I had a need to concatenate  and comma separate some multi-row data into an array of values with each having an unknown number of elements, in other words, take a many to one parent-child relationship and collapse the many child rows into the one parent record and separate the child record values with a comma.  In the past, my default method to solve this problem was to build a temporary  table  and then use a loop to iterate through a data set and append the elements by updating rows in the temporary table, or use a common table expression with anchor and recursive members.  Recently I stumbled upon the “stuff” and “for xml” functions.  I had seen these functions  before but never took the time to understand their potential use.  These function can be used to solve the problem mentioned.

T-SQL For XML (Path Mode)

Function Description: A SELECT query returns results as a rowset. You can optionally retrieve formal results of a SQL query as XML by specifying the FOR XML clause in the query. The FOR XML clause can be used in top-level queries and in sub queries. The top-level FOR XML clause can be used only in the SELECT statement. In sub queries, FOR XML can be used in the INSERT, UPDATE, and DELETE statements. It can also be used in assignment statements.

In a FOR XML clause, you specify one of these modes: RAW, AUTO, EXPLICIT, PATH.  We will only use PATH for this exercise.

The PATH mode together with the nested FOR XML query capability provides the flexibility of the EXPLICIT mode in a simpler manner.

The EXPLICIT mode allows more control over the shape of the XML. You can mix attributes and elements at will in deciding the shape of the XML. It requires a specific format for the resulting rowset that is generated because of query execution. This rowset format is then mapped into XML shape. The power of EXPLICIT mode is to mix attributes and elements at will, create wrappers and nested complex properties, create space-separated values (for example, OrderID attribute may have a list of order ID values), and mixed contents.

I will not list the syntax for this function because it can get pretty complex very quickly for all of the options.  Instead, you can see in the example I just use it to concatenate the rows into a comma separated array.   Any other XML is basically ignored by passing  in the argument “Path (”)”.

(More information on For XML)

T-SQL Stuff Function

Function Description: The STUFF function inserts a string into another string. It deletes a specified length of characters in the first string at the start position and then inserts the second string into the first string at the start position.

Function Syntax: STUFF ( character_expression , start , length ,character_expression )

(More Information on the Stuff function)

Example Problem

List database users and include all roles of which a user is a member, separated by comma.

Solution using Stuff and For XML

  • “For XML” is used to collapse and concatenate the row data into a single array.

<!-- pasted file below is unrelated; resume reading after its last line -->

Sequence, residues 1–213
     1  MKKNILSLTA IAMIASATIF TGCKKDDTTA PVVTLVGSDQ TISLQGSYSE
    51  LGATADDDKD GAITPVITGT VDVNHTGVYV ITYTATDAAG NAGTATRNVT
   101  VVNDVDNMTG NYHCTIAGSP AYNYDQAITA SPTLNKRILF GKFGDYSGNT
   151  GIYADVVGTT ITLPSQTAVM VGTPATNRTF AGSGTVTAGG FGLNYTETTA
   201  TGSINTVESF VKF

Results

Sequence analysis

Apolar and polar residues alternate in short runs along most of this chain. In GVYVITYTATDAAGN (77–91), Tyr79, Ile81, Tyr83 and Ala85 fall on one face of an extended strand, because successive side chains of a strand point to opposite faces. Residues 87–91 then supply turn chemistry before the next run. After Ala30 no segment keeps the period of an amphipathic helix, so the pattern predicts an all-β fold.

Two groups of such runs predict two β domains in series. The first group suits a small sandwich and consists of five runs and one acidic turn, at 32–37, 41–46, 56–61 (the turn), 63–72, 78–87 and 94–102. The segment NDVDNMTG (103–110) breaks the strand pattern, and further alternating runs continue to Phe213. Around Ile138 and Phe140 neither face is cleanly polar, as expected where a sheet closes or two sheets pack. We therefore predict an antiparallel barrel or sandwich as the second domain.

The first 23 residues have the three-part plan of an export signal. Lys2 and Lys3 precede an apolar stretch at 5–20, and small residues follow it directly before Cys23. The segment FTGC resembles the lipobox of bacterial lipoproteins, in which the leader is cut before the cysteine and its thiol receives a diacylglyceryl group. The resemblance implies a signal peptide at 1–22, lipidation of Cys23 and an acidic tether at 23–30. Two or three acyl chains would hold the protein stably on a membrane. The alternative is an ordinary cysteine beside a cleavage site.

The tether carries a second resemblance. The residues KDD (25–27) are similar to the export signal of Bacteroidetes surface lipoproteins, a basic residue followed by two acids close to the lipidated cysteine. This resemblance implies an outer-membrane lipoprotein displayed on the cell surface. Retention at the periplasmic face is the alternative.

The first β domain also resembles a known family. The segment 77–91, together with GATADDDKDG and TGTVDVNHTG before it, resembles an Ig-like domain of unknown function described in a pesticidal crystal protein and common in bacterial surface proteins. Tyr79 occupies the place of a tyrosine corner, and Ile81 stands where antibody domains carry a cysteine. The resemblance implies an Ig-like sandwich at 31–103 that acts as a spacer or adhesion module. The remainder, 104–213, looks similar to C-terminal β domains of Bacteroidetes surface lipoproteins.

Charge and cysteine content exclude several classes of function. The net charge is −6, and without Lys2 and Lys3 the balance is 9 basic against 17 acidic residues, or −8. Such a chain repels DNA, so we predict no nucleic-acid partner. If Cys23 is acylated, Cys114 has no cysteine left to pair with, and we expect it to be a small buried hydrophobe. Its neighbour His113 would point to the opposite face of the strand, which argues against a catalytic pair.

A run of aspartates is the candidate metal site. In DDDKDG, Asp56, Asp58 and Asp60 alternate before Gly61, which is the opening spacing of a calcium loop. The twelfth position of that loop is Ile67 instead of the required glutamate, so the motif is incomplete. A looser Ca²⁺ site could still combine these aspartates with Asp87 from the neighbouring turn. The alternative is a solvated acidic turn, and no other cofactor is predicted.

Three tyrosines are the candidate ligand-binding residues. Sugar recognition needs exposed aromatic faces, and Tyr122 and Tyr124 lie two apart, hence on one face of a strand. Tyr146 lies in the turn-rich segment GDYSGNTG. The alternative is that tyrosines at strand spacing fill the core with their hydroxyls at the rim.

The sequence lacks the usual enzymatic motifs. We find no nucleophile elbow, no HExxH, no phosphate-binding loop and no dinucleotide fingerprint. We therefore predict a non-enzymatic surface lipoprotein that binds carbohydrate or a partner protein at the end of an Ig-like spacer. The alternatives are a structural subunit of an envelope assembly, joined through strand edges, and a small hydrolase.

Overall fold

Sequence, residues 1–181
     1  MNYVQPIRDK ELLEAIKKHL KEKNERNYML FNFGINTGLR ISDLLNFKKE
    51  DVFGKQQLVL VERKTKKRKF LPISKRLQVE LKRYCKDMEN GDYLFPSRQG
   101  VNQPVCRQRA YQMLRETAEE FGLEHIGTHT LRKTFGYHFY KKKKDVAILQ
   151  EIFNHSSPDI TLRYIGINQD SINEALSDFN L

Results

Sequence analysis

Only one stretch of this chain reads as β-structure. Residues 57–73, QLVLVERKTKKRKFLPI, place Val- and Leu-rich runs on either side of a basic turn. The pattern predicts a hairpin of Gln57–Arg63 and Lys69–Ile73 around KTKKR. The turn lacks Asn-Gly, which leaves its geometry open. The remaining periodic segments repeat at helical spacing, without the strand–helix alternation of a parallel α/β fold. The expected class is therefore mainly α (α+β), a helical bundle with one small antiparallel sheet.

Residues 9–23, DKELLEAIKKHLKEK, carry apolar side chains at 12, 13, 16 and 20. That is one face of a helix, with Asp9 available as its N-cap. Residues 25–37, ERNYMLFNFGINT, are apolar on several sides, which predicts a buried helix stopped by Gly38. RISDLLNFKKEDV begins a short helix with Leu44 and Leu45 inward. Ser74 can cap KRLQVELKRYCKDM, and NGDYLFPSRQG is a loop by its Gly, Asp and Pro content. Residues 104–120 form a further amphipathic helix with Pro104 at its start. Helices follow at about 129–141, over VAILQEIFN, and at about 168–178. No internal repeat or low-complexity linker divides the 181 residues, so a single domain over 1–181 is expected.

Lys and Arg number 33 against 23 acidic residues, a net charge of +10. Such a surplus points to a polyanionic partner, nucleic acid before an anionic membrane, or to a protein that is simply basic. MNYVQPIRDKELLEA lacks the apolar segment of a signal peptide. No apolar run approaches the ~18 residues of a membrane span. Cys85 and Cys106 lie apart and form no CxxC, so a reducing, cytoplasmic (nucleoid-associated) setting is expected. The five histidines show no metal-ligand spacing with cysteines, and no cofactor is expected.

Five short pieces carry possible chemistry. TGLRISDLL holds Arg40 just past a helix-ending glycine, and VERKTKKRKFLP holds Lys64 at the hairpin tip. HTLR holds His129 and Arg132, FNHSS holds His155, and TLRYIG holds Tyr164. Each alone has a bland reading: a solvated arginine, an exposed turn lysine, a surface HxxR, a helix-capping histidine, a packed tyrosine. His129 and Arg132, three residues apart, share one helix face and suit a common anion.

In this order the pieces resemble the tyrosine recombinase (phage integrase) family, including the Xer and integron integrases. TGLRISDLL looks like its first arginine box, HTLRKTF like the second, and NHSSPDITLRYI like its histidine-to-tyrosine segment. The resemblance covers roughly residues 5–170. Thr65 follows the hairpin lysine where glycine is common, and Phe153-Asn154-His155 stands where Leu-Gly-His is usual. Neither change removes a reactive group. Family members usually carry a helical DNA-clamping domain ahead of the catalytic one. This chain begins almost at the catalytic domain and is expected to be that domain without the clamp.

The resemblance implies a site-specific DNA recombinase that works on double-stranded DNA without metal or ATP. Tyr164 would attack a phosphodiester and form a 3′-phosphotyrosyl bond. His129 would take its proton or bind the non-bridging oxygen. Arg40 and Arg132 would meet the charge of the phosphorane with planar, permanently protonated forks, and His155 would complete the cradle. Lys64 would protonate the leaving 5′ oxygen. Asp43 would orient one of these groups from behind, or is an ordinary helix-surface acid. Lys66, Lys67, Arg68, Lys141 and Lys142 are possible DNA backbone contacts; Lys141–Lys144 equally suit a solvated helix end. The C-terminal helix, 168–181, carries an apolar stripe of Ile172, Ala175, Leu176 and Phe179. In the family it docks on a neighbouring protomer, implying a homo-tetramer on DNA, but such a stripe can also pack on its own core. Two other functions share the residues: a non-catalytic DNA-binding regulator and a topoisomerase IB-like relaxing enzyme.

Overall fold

• “Stuff” is used to remove the leading comma.
  • Note that we are using a correlated subquery when we reference “dp.principal_id” in order to limit our roles and role members to our database principals in the main outer query.


principal_id type_desc create_date modify_date Roles
5 SQL_USER 11/13/2002 6/19/2010 db_owner
7 SQL_USER 11/13/2002 6/19/2010 db_owner,db_datareader,db_datawriter
8 WINDOWS_USER 3/26/2009 3/26/2009 db_datareader
10 WINDOWS_USER 3/16/2008 3/16/2008 db_datareader
11 SQL_USER 7/11/2008 6/19/2010 WebViews
13 SQL_USER 7/25/2014 7/25/2014 role_proxyusers
14 WINDOWS_USER 3/12/2009 3/12/2009 db_datareader
16 SQL_USER 7/25/2014 7/25/2014 role_proxyusers
18 SQL_USER 8/26/2005 6/19/2010 db_owner
19 WINDOWS_USER 6/2/2009 6/2/2009 MSReplPAL_9_1,db_datareader
20 WINDOWS_GROUP 10/3/2005 10/3/2005 db_datareader
21 SQL_USER 7/14/2009 5/2/2016 role_proxyusers,db_datareader,db_denydatawriter

Microsoft SQL Server Developer Edition is now free

“Exciting news! Starting today, SQL Server 2014 Developer Edition is now a free download for Visual Studio Dev Essentials members (you will be prompted to sign in to Visual Studio Dev Essentials before you can download SQL Server 2014 Developer Edition). We are making this change so that all developers can leverage the capabilities that SQL Server 2014 has to offer for their data solution, and this is another step in making SQL Server more accessible. SQL Server Developer Edition is for development and testing only, and not for production environments or for use with production data.”

“SQL Server 2016 Developer Edition, when released later this year, will also be free. To learn more about the exciting new features in SQL Server 2016, read the datasheet.”

Create Read Only User in Azure DB

I have been struggling with creating a user who has read only access to an azure database and finally figured it out.  The key is connecting to the right database in a new session when executing the t-sql commands.  This is because you can not execute a “use” statement, change the database in the current session via the GUI, and you can not make named references to databases in your t-sql.


Validate user has read only permissions by connecting to database using these new credentials and executing something like “CREATE TABLE dbo.test (test datetime);”, which should return an error message indicating permission denied.

More information on managing database access and login security in azure:

WiFi Range Heat Mapping

I wanted to compare WiFi coverage of two different wireless access points and their various configurations in my house, and also check for dead spots.  One quick and cheap way to do this that I have come across is using a free product called Ekahau HeatMapper.

Ekahau HeatMapper allows you to walk around your home or office and capture information about WiFi signals in various spots, and then the software aggregates this information into a banded topographical map.

Continue reading WiFi Range Heat Mapping